Natalie is invited to lead the Pittsburgh edition WALK along with ecologist Charles Bier and landscape architect Kara Smith. City as Living Laboratory/WALKS, a project begun by renowned artist Mary Miss, brings together artists, scientists and city leaders to cast a nuanced eye on the urban landscape as the participants walk through the environment. The
Natalie was invited to offer her reflections on life after thirty for Image journal’s 30th-anniversary issue. A nighttime image of Elder, Settles’ recent large-scale etched glass commission, accompanies her thoughts: LIFE AFTER THIRTY My fourth decade was a passage through death to life. So much dimmed and came to a halt. Yet by the end,
You are invited to the opening of Natalie Settles’ newest large-scale public art commission. Elder is an architectural glasswork that forms the prow of the Hillcrest Residences in Pittsburgh, a project of the Community Builders. Join the Office of Public Art and The Community Builders to celebrate the opening of this new artwork, and to
Elder is a large-scale architectural glass etch drawing commissioned for the Hillcrest Residences in Pittsburgh. The work is an homage to one of the stately trees that once stood on the building’s site. The work, which appears abstract at first viewing, slowly reveals itself as a gnarled and expansive tree based on the oak, sycamore,
Garfield’s Roots is a commissioned reimagining of the iron tree grates along Pittsburgh’s Penn Avenue as part of the area’s renewal. Working in cooperation with Loysen-Kreuthmeier Architects and the City of Pittsburgh, the artist created Garfield’s Roots, a site-specific commission of 32 iron works that surround each of the avenue’s newly planted trees. Old trees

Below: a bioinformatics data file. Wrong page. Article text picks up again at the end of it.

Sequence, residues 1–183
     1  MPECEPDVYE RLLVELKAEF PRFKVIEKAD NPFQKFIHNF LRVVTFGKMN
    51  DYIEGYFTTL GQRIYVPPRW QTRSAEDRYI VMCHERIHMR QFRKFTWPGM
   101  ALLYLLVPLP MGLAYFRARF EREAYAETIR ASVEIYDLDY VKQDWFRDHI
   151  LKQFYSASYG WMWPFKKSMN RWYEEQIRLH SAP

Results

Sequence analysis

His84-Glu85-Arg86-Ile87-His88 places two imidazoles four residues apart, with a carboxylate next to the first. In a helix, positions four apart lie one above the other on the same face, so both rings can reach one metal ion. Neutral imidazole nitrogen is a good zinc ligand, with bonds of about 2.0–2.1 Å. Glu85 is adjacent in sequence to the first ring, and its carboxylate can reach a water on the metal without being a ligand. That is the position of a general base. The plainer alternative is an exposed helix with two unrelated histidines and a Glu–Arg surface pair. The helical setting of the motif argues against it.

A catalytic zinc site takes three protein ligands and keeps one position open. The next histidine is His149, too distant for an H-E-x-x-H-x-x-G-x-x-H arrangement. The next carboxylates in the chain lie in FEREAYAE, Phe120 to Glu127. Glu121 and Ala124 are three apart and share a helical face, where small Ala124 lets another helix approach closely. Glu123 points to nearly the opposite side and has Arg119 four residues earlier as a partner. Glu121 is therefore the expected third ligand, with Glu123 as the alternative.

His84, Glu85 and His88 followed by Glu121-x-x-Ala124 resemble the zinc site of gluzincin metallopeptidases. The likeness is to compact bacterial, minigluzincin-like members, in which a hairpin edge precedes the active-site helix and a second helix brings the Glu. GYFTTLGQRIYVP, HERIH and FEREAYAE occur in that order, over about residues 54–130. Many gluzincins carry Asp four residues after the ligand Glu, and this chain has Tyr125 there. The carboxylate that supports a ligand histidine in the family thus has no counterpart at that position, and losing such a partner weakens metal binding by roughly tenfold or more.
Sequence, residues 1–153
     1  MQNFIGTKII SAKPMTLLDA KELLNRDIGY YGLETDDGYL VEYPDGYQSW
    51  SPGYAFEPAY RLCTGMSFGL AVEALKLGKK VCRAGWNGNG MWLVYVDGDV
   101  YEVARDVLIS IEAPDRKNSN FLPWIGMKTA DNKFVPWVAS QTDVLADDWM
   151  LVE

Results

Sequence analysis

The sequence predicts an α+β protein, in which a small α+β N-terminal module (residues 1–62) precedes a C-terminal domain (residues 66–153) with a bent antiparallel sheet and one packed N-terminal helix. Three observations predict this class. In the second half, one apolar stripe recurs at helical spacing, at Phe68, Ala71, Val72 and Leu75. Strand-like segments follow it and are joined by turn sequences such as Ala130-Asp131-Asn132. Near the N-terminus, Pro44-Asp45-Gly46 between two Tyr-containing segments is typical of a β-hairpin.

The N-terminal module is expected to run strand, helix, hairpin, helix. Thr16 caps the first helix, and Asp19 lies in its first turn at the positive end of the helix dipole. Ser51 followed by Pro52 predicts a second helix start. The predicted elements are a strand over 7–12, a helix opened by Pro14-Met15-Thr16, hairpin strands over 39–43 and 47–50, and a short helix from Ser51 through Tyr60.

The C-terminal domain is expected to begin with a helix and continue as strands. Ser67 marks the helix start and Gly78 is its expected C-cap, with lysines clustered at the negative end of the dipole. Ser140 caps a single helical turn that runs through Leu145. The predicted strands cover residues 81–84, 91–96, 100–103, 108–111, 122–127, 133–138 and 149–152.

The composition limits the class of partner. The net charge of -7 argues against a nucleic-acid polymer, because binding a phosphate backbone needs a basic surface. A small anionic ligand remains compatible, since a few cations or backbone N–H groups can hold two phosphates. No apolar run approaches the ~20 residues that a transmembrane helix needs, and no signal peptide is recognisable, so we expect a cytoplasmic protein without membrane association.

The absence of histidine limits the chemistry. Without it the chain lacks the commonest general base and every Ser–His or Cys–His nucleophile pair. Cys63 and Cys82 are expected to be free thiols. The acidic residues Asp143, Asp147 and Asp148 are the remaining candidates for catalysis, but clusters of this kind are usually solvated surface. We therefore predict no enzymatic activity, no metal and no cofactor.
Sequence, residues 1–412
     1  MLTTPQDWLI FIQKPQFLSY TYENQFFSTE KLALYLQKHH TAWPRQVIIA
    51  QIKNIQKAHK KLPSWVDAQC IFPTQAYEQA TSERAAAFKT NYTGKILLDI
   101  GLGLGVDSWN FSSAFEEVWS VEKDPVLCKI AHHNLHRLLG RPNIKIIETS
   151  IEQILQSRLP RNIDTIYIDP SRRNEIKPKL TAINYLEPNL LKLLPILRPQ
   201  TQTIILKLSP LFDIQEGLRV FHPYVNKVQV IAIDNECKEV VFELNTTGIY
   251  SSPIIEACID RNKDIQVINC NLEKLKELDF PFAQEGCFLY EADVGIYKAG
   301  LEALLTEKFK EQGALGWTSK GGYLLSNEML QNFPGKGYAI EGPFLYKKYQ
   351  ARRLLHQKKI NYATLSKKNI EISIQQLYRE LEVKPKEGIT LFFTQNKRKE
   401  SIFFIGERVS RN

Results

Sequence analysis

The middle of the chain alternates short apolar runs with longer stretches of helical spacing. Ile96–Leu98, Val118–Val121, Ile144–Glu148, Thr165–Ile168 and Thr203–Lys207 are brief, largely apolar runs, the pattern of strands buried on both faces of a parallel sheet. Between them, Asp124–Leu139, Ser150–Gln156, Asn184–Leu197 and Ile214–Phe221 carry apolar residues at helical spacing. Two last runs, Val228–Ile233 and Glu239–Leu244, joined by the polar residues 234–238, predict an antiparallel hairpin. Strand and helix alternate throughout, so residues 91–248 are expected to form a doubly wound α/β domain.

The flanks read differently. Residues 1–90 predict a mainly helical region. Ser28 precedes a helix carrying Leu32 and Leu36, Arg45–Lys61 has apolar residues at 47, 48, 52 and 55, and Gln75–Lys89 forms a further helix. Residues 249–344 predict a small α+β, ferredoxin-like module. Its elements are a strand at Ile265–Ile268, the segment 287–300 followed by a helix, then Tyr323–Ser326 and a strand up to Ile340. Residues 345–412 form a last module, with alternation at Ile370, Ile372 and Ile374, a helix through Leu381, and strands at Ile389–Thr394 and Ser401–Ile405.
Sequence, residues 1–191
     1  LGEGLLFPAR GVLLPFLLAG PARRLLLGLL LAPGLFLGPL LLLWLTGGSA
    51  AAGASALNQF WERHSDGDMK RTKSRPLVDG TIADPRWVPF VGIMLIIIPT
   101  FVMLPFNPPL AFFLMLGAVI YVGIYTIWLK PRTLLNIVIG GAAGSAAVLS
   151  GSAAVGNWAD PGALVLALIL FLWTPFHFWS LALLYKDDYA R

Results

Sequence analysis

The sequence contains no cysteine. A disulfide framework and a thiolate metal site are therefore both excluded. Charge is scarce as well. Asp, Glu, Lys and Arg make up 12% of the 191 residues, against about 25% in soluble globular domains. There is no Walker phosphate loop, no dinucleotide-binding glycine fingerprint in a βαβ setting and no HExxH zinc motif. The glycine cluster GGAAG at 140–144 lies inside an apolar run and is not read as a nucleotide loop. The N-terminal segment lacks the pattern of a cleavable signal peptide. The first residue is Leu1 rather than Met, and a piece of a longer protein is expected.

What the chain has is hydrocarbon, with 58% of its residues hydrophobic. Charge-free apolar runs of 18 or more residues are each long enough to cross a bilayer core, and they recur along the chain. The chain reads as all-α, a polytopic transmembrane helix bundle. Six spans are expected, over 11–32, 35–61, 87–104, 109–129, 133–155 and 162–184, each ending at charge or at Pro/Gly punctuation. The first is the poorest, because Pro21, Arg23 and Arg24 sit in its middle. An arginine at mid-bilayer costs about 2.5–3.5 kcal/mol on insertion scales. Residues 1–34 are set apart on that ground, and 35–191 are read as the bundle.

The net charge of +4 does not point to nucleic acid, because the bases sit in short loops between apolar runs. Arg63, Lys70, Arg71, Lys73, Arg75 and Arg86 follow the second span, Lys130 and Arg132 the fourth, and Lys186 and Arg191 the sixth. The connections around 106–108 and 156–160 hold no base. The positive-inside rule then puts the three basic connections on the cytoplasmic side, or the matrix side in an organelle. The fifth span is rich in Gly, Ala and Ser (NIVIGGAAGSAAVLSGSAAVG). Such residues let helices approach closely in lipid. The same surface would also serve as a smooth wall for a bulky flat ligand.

Noon, February 22, 2016 The talk entitled A Pilgrim in Art and Science follows the trail through the past fifteen years of the artist’s work in the worlds of art and science, including recent works and directions.
The feature article entitled, “Ecologies of Knowing: What Natalie Settles Learned in a Lab,” overviews the artist’s four-year residency with an evolutionary biology laboratory at the University of Pittsburgh. The illustrated piece is thoughtful and nuanced with an analysis of Natalie’s body of recent work, her time based in the lab, and her emerging long-term,
The Heinz Endowments’ h Magazine features an article describing Natalie’s ongoing Evolving Wallpaper project and residency with an evolutionary biology laboratory at the University of Pittsburgh. The Heinz Endowments are generous funders and supporters of this innovative work.
The Dartmouth College Department of Biological Sciences and the Neukom Institute has invited the artist to speak about her ongoing work in art and biology and the development of the Evolving Wallpaper, a work of art and a system of scientific experimentation. Photo credit: Eli Burkian for dartmouth.edu